ShapeOko (V1) SN 1462
Dual 820mm Y, Double X, ACMEZ. V2 Motor Plates
TinyG V7 Controller; DUE and tinyGV9 test bed for tinyG2

cvoinescu
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Re: Hard limit Switches

Post by cvoinescu » Fri Mar 13, 2015 12:35 am

cmcgrath5035 wrote:A couple thoughts:
Context here is a ShapeOko machine, which is uber flexible. Other machines might have a more rigid concept of X and Y.
1. There is no color coding standard for NEMA steppers. You can probably assume that a batch of motors from a particular manufacturer purchased at the same time are wired consistently, but that is about it.
2. Typical documentation from Synthetos will have one X motor, one or two Y motors and a Z motor. But your can decide to have one Y and two X motors, if that better fits your typical design and use patterms. Some folks like to design 'squarish' projects, Xmax =~ Ymax. But others perfer 'Landscape' designs, Xmax >Ymax, while some prefer 'Portrait' designs, Ymax > Xmax.
3. Z+ is up
4. X + and Y+ really depend on how you want to load your machine and run it - so what is + and what is - is up to you.
5. Once you decide what is + and what is -, the X=0, Y=0 is at the end of travel in the - direction.
6 Then wire your limit switches accordingly. The X0, Y0 and Z0 switches are the 'Home" switches.

Confusing? Perhaops, but that comes from the great flexibility of the basic design.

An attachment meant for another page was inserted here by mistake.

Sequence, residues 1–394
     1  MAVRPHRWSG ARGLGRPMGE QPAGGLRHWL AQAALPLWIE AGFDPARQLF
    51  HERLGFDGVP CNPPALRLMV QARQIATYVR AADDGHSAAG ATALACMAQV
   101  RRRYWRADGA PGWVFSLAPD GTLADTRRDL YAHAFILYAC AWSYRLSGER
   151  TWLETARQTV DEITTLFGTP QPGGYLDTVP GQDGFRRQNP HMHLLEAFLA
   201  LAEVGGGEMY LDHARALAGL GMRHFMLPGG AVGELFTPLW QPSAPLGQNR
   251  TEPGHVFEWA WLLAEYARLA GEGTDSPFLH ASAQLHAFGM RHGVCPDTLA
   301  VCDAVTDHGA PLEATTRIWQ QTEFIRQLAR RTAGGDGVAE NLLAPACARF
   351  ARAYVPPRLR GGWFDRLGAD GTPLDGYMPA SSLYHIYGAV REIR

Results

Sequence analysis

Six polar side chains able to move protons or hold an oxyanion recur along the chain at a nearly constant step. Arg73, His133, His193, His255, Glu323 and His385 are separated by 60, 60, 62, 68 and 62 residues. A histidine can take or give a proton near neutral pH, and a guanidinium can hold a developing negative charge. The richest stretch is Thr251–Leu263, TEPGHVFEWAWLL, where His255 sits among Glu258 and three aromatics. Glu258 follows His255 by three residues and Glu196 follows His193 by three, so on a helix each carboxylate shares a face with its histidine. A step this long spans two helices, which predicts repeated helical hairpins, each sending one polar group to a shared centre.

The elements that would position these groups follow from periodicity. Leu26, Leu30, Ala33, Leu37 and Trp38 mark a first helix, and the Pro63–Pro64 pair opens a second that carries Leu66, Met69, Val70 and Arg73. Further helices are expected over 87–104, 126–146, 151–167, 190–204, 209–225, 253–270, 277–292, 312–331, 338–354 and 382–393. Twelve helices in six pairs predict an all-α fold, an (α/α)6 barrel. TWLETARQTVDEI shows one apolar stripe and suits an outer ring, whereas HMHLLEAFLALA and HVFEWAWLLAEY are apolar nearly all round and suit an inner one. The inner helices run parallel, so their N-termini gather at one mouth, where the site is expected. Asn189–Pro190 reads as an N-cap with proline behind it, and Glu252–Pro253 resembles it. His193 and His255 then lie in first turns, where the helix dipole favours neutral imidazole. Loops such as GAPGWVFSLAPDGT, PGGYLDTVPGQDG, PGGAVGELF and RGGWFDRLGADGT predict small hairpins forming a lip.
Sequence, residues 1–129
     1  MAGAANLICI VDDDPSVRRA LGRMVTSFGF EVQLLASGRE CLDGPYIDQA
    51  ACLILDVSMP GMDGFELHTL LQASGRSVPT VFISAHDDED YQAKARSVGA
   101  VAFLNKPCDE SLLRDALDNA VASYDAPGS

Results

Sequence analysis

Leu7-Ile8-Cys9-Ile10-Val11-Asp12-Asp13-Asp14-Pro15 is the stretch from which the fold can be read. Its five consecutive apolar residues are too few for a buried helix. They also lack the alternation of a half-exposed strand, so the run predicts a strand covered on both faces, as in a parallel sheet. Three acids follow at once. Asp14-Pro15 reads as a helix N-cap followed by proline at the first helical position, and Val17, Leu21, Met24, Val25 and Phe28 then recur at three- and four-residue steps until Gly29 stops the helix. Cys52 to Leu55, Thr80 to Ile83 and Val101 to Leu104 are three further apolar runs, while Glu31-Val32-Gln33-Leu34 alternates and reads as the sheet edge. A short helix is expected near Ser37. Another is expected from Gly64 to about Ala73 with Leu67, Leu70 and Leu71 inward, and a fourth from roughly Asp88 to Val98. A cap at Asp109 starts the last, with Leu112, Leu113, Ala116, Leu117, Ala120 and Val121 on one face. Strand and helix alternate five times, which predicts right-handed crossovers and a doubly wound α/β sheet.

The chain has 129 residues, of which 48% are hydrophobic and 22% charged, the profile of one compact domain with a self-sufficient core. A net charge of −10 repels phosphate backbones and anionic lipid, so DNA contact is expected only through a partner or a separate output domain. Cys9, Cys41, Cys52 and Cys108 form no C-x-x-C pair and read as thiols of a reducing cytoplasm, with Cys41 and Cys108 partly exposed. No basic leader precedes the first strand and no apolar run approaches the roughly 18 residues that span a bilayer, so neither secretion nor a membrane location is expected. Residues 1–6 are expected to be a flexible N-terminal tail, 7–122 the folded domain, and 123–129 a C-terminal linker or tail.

I disagree with a lot of that.

1. There are three color codings for 4-wire bipolar stepper motors, and one of them is used much more than the other two. If your wires are red, blue, green and black, then red and blue are a pair and green and black are another pair. (The other codings are brown, orange, red, yellow; and red, red with white stripe, green, green with white stripe.)
2. All Shapeoko documentation will refer to the axis that runs along the gantry as X, and the one with two motors as Y. As you face the machine with the spindle facing you, X+ is to the right and Y+ away from you. You can change that, of course. Universally, the Z axis is the one parallel to the spindle axis, so vertical in our case (it would be left-right in a lathe, for example).
3. Agree.
4. Yes, but not quite. Y+ must always be 90 degrees counter-clockwise from X+, as viewed with Z+ pointing toward you (i.e., from above). If you do it the other way, you will mill mirror images of what you design in CAD. 3D coordinates have handedness: with your index finger straight out and middle finger bent 90 degrees, point thumb toward X+, index finger toward Y+, and middle finger toward Z+. If you can do this with your right hand, you have right-handed coordinates. Conversely, left-handed. CAD uses right-handed coordinates exclusively.
5. Homing toward X+, Y+ and Z+ is much more common. Many industrial machines do it that way, and it's the default in GRBL 0.9 too. With the maximum X, Y and Z coordinate being 0, all three components of machine coordinates are going to be negative. You'll see that referred to as "negative space" (or "negative octant"). You can home the other way, of course, but it may confuse your machinist friends.
khauser24 wrote:The X-axis is the two motor setup.
That's usually the Y, for most Shapeoko users. (But, of course, you can orient your machine however you please.)
Proud owner of ShapeOko #709, eShapeOko #0, and of store.amberspyglass.co.uk